People’s views on the 1987 American political thriller, No Way Out, usually revolve around what they make of the final twist which comes a few minutes from the end of the movie. It certainly upends your views of the main characters and there are only a few clues in the earlier events which hint at it. That makes the final twist rather jarring and for me, therefore, all the more enjoyable especially as once you know it, some of the apparently improbable coincidences earlier in the story become much more believable as the result of someone’s deliberate positioning of themselves.
But even if you don’t like the final twist, there’s much to enjoy in the run up, all of which is based on the novel The Big Clock with the key idea of the central character (an American naval officer played by Kevin Costner in the movie) finding themselves in charge of an investigation to identify someone… who in fact they know secretly is themselves.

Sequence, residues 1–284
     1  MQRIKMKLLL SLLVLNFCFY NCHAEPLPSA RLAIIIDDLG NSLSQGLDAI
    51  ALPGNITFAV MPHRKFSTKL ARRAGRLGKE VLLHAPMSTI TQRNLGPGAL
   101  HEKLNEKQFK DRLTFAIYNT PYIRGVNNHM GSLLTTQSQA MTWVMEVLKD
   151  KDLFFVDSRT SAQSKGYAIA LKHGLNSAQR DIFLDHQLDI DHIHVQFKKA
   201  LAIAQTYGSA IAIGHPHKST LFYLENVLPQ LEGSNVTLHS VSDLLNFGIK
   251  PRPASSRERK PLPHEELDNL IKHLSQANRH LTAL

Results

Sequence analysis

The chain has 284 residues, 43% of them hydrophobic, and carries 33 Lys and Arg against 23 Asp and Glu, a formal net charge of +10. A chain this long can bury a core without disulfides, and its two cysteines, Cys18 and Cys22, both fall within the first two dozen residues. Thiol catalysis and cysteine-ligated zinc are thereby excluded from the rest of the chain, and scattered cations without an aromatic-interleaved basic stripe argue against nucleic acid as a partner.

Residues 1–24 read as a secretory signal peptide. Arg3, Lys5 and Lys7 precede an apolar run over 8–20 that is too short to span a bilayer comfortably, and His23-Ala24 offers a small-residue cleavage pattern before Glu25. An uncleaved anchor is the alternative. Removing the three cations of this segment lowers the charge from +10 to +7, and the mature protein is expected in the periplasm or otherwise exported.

Gene Hackman’s acting as the American politician however steals the movie for me, with its adept showing of both the good and bad sides of politicians, making his character a plausible flawed human and neatly switching between gravitas and shrunken vulnerability as the plot progresses. The different ways he sits in his office chair to match the changing character are a brilliant little demonstration of acting skill.
If you like this, you might also be interested in another political film featuring Gene Hackman’s acting skills, Sidney Lumet’s Power.
Got a view on this review? Then please rate it on Amazon.